Students are able to think about finding 1% or they can simply see the connection that the amount is 3 times bigger than the percentage. Which is the same as finding 1% but is a much nicer way of seeing this particular question. I used these percentage spiders (taken from Don Steward site) in the lesson and students very quickly used proportional reasoning to find all the missing percentages. One student commented on the fact you could find all percentages from just 1% 10% and 50% and we all agreed these were very easy to find even with ‘tricky’ numbers.

The next step from this was to try and find percentages that looked tricky but once they were broken up were easy to find. I was surprised by how many in my set 3 who worked through the table and were fine with 10%, 5% and 1% but then struggled with 6% and 111%. Even though the top half of the table had percentages useful to calculate 6% and 111% we did spend a great deal of time before they attempted this table looking at how we could find 9% or 11% or 15% or any other percentage they deemed ‘tricky’

The colours used on the table were just to highlight the percentages that i thought wouldn’t cause a problem (red) and then green for the more challenging ones.

At the end of this lesson we looked at the following problem;

Which is bigger:

14% of 50 Or 50% of 14

8% of 10 Or 10% of 8

I only wrote two in the hope that students (after finding that both were equal in each set) would try a few of their own to see if they were also equal.

Percentages

UPDATE! After tweeting this link i received the following reply

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The next lesson, I asked the class to estimate 63% of £90. I was pleased that they didn’t just try and calculate 63% but actually tried to estimate the answer. Some just gave numbers that sounded appropriate but when questioned they said they had just guessed at a number between 0 and £90. I asked of they could narrow their ‘guesses’ at all and one said it has to be more than £45 as ‘£45 is halfway’ Then someone suggested £54 as 10% was £9 and so 60% was 9 x 6. When i showed each of the estimations prof Smudge suggested they were fine explaining the first two but when it came to the second two estimations they started doing some strange things.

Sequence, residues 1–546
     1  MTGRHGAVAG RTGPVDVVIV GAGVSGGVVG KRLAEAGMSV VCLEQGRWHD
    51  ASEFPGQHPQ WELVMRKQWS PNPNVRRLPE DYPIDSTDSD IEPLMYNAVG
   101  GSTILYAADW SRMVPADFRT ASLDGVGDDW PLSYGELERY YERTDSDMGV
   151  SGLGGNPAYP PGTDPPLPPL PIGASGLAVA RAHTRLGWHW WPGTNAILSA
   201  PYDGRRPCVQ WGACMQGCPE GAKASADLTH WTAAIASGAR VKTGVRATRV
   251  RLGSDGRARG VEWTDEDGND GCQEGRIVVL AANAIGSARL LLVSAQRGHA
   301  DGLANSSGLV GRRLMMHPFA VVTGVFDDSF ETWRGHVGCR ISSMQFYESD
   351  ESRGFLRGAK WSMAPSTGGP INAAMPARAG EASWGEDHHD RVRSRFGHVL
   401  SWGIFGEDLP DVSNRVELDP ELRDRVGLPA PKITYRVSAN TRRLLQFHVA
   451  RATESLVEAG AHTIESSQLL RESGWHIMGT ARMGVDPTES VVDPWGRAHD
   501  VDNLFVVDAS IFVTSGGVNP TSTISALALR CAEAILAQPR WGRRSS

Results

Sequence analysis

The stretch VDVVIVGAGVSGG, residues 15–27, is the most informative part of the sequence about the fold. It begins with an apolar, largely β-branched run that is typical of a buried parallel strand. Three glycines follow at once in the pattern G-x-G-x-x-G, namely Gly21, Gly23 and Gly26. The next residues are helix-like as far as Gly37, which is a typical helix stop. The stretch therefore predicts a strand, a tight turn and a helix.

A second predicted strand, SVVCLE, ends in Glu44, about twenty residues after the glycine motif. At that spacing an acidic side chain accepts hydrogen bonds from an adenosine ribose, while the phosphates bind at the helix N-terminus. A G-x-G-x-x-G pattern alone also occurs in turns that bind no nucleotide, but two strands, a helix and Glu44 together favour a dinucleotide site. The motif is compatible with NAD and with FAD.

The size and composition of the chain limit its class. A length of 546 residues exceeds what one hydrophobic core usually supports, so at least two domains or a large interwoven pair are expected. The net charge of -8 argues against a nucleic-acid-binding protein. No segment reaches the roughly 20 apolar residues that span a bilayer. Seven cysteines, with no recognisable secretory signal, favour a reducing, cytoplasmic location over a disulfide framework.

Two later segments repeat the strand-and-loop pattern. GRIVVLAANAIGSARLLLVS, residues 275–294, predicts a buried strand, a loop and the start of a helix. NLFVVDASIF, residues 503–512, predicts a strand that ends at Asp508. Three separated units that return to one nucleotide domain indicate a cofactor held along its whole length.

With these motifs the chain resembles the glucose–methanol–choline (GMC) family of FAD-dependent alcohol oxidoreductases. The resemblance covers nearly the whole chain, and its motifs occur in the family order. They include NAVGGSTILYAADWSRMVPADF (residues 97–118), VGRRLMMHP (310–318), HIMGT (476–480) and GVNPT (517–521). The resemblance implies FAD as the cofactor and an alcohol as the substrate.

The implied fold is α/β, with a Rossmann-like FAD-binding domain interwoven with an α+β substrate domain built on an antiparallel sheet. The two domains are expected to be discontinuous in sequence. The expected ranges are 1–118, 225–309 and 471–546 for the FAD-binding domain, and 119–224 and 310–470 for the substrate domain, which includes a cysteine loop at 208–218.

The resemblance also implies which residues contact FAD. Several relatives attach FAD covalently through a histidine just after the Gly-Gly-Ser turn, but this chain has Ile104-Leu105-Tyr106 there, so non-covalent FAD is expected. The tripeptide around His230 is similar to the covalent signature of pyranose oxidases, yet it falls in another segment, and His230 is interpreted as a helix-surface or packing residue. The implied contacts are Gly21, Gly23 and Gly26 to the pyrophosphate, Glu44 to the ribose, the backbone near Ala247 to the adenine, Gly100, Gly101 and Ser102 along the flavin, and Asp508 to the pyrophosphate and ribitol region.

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I decided that in the next lesson i’d like to tackle this misconception and so i made the following starter to use.

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UPDATE!

Students quickly realised with this problem that Ali either; subtracted 11% from 89% and probably subtracted £11 from £70 or he subtracted £30 from 89 as there was a 30% difference between 70 and 100%. The fact both ways resulted in £59 confirmed the thinking. I gave students time to add in any other marks they wanted on the line. Some added in multiples of 10% and some used 1%.

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One student did make a comment that if 10% is £7 then 1% cant be £4 and that is how much is needed to get from £63 to £59. The rest of the class took a while to notice this and fully understand it. It made me realise that students didn’t always realise that if 4% is £3 then 8% is £6 so maybe they needed to view them in a ratio table. Likewise if 10% is £30 then 7% is £21 because the amount is 3 times the percentage so again a ratio table would help. I made the following starter for the next lesson.

Percentages (proportional)

per1Update

i was pleased to see lots of methods being used and sometimes two methods to check answers or methods changing to suit the question.

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I am trying this with some of my classes. I’m hoping it will provoke some discussions on percentages and MR

Here is another Question i will try tomorrow- very challenging but i want students to see that a 1% drop can’t be found by doing 10% decrease followed by a 9% increase.

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I have been wondering about Percentages and how I use values to help me ‘see’ the answer. I also tried sketching to get an idea of the answer.